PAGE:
“You have to give in order to receive,” was the tone set by the 452nd Communications Squadron, as they prepared to receive more than 1000 expired computers, all-in-communication devices, and other electronic equipment, in compliance with the Tech Refresh program, from various agencies throughout Team March organizations, Aug. 23.
“Technology refresh, also known as Tech Refresh, is a system utilized by the U.S. Air Force to keep its personnel on the cutting age of technology,” said Debra Meredith, base equipment custodian officer, 452d CS. “The average life-span of a computer is five years, so when that period ends, it is exchanged for a newer, more advance computer. In an ideal situation, it is a one-for-one swap, but with today’s budget constraints, users need to get creative when redistributing equipment.”
Meredith explained that the biggest hurdle during the exchange process is meeting equipment turn-in deadlines. “The majority of our equipment custodians are Traditional Reserve Airmen and not always present to monitor the location or life-span of the computers,” she said. “The sooner the equipment is tagged, turned-in and removed from inventory lists, the sooner our users can begin to receive newer computers.”
“This will be a great opportunity to do some spring cleaning,” said Scott Everett, alternate base equipment control officer, 452d CS. “Once the equipment is removed from user’s account, we really get busy around here.” He explained how the hard-drives are stripped from the computers and then shredded into useless pieces of shrapnel, to alleviate the possibility of inadvertently releasing personal identifiable information, hidden in the crevasses of the hardware.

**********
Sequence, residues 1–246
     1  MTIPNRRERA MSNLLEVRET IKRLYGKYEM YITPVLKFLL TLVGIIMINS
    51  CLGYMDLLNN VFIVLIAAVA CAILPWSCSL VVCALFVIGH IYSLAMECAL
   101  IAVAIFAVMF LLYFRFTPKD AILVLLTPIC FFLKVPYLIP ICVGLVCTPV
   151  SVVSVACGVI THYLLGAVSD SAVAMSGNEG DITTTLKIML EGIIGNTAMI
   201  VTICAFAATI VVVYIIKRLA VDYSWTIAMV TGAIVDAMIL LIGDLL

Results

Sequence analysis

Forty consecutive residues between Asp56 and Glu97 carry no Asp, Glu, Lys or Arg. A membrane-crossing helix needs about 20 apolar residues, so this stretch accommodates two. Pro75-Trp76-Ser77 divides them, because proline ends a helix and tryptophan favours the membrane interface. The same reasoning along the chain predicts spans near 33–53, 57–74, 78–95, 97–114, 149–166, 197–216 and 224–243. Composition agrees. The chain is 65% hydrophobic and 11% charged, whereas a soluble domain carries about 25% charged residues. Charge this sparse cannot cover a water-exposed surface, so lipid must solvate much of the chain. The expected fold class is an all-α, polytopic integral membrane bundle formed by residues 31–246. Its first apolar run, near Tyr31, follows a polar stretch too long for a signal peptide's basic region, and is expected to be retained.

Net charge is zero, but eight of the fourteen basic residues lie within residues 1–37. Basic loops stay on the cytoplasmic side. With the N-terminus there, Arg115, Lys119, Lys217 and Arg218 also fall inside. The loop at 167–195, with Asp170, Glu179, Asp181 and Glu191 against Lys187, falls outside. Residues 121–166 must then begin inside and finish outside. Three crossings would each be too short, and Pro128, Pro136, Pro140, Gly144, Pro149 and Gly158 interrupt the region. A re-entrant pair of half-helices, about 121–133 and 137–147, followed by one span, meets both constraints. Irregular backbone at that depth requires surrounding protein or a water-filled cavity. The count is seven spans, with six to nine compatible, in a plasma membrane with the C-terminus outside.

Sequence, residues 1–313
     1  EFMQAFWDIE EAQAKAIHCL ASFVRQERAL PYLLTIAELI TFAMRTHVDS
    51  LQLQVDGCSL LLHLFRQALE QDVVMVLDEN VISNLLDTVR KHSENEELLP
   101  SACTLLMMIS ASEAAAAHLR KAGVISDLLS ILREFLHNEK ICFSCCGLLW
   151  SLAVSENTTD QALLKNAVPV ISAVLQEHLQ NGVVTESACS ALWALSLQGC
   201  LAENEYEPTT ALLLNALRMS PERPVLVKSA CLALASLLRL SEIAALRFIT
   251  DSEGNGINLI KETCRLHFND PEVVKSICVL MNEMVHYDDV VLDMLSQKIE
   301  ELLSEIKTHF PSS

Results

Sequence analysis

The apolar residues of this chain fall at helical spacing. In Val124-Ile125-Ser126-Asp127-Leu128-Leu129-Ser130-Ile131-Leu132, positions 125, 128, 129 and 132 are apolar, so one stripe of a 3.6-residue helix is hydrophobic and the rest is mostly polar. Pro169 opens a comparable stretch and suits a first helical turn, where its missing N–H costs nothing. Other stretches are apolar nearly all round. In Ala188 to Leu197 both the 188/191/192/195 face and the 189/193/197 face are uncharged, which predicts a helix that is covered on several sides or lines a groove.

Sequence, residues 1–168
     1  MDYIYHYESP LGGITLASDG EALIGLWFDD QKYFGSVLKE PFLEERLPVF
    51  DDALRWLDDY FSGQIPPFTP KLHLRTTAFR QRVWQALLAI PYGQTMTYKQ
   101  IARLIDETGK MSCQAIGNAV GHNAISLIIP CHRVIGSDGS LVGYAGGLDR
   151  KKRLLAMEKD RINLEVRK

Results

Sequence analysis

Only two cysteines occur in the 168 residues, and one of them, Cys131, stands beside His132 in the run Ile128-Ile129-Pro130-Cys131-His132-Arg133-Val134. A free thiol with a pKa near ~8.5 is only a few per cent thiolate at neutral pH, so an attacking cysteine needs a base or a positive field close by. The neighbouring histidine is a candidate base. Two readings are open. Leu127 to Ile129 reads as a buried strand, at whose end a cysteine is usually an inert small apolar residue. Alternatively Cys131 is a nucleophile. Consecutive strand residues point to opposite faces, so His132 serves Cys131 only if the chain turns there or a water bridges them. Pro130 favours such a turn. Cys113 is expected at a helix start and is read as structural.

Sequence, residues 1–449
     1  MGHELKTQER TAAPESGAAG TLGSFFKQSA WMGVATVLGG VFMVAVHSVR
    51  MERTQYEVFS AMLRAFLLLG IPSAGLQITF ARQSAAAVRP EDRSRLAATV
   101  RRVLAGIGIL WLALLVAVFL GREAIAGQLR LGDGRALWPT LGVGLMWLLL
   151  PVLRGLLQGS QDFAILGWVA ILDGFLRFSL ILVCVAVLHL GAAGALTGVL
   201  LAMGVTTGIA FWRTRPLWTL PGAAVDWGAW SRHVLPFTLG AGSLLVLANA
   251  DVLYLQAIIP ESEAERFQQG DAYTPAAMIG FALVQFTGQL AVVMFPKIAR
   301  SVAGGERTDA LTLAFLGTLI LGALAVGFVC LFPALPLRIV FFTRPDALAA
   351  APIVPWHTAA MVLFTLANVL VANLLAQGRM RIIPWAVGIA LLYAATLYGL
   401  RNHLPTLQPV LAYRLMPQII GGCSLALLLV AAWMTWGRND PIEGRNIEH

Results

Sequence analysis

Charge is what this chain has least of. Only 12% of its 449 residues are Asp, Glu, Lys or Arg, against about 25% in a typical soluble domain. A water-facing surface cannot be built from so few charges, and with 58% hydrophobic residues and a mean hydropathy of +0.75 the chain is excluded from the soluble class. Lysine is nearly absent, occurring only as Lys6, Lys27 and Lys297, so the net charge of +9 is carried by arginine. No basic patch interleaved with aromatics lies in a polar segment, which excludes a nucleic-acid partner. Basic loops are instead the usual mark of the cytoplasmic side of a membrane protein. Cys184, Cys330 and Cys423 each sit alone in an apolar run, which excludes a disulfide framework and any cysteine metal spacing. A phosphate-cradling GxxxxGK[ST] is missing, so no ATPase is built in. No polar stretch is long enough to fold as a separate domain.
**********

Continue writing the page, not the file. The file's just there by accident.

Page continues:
When the computers have been purged, they are then packed in tri-walls (wooden and cardboard containers) and readied for pick-up by the Defense Reutilization and Marketing Offices representative. “During an average turn-in, the base collects roughly 30-37 tri-walls, each with the capacity to hold roughly 30 computers,” said Everett.
The DRMO representative picks up the inventory, weighs the containers and then transports them to the regional site, based on Camp Pendleton, Calif. Once there, DRMO preps equipment for sale to government liquidators, or transfer to prisons or schools.
“When the warranty expires on our equipment, it costs the government money because they have to pay for extended licensing for software,” said Everett. “So, in the long run, getting rid of this equipment will save the government money…the newer systems usually come with updated software and warranties.” In addition, DOD gets a return on investment when government liquidators purchase the used equipment, he said.
Senior Airman Agustin Tinajero, computer technician, 452nd Communications Squadron, seen here shredding hard drives during the Tech Refresh turn-in, Aug. 23. When computers are turned in, the hard drives are removed and shredded to a unsalvagable state and then scrapped. This process is done to ensure personally identifiable information, or PII, is not inadvertently released when the machines are turned over to DRMO and later sold to government liquidators.